Climb inside and there is an impressive amount of space on offer. The dark leather seats are flat but wide and separated by a massive centre storage box/armrest. All three rows of seating get air vents and 3-point seat belts, meaning 7 occupants can travel in comfort. The third row seating offers ample headroom and decent leg room for anyone under 6-foot it also has cup holders and handgrips. The back row is side mounted and splits in half to fold away while the second row is slide and recline adjustable. With the third row stowed away there’s a huge 700-litre cargo area available.
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May 21st, 2010 by Darren Cottingham
In the automotive world there are still some tough tasks waiting to be truly mastered. Like making a V8 engine that’s economical, or designing a cheap convertible sports car that isn’t labelled as a hairdressers ride. For Mitsubishi, the new mid-size SUV Challenger represents another difficult venture. Slotting into the range between the Outlander and the Pajero, the Challenger is designed to offer the elusive correct mix of soft roader comfort and cabin feel with fierce off road prowess. Car and SUV got into the all-new Challenger to see if it’s solved this complicated equation.
Visually the Challenger leaves no doubt about its off road aspirations with a chunky, tough look all round. Based on the Mitsubishi Triton’s tough ladder chassis it has a neutral ute-type stance and is tall (1,840mm) with a high ground clearance (220mm). Front-end styling is shared with the Triton but the top spec Challenger Exceed (as tested) receives chrome trim on its Mitsubishi family grille. Chrome and silver touches also feature surrounding the fog lamps, on the door handles and side mirrors, side steps, front scuff plate and17-inch alloys. Elsewhere exterior practicalities include a wide vertical-opening rear hatch, integrated roof rails and rear tinted glass. Overall, the Challenger’s ute underpinning give it the size and elevated stance of a serious off roader, it has a rugged high-waisted appeal that’s modern but not overly rounded or extravagant.
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May 21st, 2010 by Darren Cottingham
Did Dirty Harry ever wear a police uniform when following leads and cracking heads? No, he wore brown sports jackets. And did James Bond ever wear a fully camouflaged jump suit when attending a cocktail party? No he didn’t. We all knew Bond had the firepower to shoot up the place, and he often did, but why signal leery intent too early. Ford Performance Vehicles isn’t usually known for styling restraint, but has followed this low-key image concept with its new F6 E model. FPV’s regular F6 turbocharged six-cylinder machine has become a success and accounts for more than 40% of all FPV sales, but the conspicuous styling hasn’t been sweet to all tastes. Enter the F6 E that offers the same thundering performance albeit wrapped up in a bespoke suit rather than a wife-beater singlet and black jeans. Car and SUV went undercover with the F6 E to investigate further.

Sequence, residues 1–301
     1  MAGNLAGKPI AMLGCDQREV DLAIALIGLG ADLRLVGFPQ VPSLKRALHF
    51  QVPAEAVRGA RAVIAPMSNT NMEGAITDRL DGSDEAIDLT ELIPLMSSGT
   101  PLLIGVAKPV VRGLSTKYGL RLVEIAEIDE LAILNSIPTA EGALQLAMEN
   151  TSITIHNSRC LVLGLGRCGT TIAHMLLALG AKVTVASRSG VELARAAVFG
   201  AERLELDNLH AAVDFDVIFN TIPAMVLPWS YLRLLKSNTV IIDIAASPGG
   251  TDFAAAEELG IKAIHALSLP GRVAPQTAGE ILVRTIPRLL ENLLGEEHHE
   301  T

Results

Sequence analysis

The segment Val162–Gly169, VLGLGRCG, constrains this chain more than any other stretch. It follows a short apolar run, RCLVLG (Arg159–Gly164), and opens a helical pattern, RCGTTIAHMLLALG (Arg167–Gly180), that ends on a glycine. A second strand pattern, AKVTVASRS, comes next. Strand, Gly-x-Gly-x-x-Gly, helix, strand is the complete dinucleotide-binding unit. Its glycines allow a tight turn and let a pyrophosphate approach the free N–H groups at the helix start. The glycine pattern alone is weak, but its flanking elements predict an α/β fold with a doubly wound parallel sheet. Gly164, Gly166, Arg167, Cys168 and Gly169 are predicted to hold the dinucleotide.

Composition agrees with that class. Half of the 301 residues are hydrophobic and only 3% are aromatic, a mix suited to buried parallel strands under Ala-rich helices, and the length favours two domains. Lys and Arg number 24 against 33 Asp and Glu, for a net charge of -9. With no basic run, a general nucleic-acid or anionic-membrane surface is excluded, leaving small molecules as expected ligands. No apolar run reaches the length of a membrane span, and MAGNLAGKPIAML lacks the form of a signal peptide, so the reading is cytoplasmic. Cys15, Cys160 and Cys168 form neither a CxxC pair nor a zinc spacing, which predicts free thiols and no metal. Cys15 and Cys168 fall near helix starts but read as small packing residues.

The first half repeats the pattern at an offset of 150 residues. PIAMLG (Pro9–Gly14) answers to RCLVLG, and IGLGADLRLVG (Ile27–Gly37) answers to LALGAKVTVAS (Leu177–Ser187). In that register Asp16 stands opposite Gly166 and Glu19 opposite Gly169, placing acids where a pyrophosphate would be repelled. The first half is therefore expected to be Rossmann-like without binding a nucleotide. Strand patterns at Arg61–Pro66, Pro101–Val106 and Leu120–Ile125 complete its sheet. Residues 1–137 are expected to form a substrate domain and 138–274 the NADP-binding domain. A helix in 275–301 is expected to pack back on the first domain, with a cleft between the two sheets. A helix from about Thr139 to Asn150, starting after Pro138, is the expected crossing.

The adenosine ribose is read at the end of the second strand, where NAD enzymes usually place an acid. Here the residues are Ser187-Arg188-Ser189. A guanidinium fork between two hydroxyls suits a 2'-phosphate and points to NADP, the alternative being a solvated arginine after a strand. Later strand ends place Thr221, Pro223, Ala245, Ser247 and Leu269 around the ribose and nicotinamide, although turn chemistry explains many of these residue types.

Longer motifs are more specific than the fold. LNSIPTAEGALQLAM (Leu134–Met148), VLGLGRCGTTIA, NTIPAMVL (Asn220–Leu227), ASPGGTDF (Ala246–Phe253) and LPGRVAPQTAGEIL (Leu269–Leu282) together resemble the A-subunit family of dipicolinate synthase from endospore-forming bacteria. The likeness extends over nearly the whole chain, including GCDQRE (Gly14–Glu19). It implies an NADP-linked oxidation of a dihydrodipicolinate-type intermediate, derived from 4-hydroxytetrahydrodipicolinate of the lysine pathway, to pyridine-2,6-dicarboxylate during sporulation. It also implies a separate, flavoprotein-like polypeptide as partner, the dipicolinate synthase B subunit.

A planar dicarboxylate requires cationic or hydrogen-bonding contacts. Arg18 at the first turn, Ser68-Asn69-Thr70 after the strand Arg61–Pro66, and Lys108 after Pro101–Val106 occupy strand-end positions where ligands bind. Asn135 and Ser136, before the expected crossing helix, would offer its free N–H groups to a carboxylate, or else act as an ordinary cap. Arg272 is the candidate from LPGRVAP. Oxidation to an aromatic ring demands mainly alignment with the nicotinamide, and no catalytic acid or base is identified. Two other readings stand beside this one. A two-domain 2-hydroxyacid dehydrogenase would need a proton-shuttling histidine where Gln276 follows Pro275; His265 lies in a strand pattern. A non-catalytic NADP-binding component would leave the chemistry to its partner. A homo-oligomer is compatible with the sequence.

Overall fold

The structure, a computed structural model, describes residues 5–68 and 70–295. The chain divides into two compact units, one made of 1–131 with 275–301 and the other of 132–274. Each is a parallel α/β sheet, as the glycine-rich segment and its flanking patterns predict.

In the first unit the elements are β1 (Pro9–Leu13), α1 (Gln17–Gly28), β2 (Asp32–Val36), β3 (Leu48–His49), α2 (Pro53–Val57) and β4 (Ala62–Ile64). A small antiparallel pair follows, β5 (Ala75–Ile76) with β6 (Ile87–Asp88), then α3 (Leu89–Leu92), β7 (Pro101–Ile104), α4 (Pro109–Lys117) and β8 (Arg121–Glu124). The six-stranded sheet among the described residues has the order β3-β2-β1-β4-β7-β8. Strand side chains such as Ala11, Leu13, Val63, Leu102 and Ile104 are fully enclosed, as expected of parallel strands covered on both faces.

From the outside less is more for this sleeper-styled sedan but there are still styling clues that distance it from lesser Falcon-based models. It has the same burly front and rear bumpers as its flashy F6 brother but the ‘racoon eye’ light surrounds and black rear diffuser are now colour coded. The rear wing from the F6 has been dropped in favour of a boot lip spoiler and the 5-spoke 19-inch alloys are finished in shadow chrome. The front grille is blacked out and there are classy chrome touches on the bonnet’s front edge, boot grab bar and framing the windows. At a glance it’s a smooth looking sedan but a closer look reveals a massive intercooler hiding behind the front air dam and huge brake rotors with bright red Brembo callipers. Like a heavyweight boxer in a tuxedo, it’s impossible to completely hide the power within.
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May 14th, 2010 by Darren Cottingham
There’s more than one way to create temptation among potential car customers. You can offer more features for the same price or you can tempt by offering less for a discounted price. At Car and SUV we often review high-spec, bells and whistles cars but for this road test that’s all changed and we got some seat time in the cut-price cruiser Mitsubishi Lancer ES. The ES is Mitsubishi’s base-model Lancer that has achieved an attractive price point that will give it strong appeal to fleet customers and budget conscious consumers alike. But creating true temptation is about more than saving money, especially in the hard-fought compact sedan segment. We spent a week with the Lancer ES to uncover its allure.
In terms of price the Lancer ES is scalpel sharp at undercutting its direct Japanese competition. Costing $27,990 for the manual and $29,990 for the CVT auto, the base spec Lancer is $3-5k cheaper than its rivals. The lowest model Honda Civic ($33,800) and Subaru Impreza ($32,990) can’t match the Lancer ES, while the Mazda3 ($30,895) comes closest but only in hatch form. You would have to go Korean and consider the Kia Cerato LX with its $28,990 price as the specification is higher and the Cerato is arguably as good looking.
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May 7th, 2010 by Darren Cottingham
It does seem a touch odd that Subaru’s crossover wagon is named after a flat, dry, straight expansive centre of Australia, when it takes oppositional conditions to reveal its true strengths. But the new 2010 Outback isn’t just about using its trademark boxer engine and all wheel drive system to expertly negotiate twisting mountain passes, it has serious intent as a spacious, family-hauling all rounder. The three previous generations of Outback have developed a reputation of Swiss-army-knife practicality for the new model, so can it raise the bar even higher? Car and SUV opened up the new top-spec Outback 3.6R Premium to check if it has all the tools for success.
Sitting 70mm higher than its Legacy stable mate, the Outback casts a burly purposeful shadow. An increase in width over its predecessor helps negate the raised ride height and creates a balanced stance. A thick strip of black plastic cladding protects the bottom edges of the car and houses silver-ringed fog lamps out front. The winged grille and frowning headlights give the Outback road presence and the 17-inch 6-spoke alloys are a good match despite struggling to pack out the high wheel arches. Aesthetically, the Outback isn’t a natural beauty and has clearly been styled with the American market in mind. That said, it has a modern, clean look that’s well colour-coded and has some nice touches like tinted rear glass, integrated roof rails and subtle use of silver trim.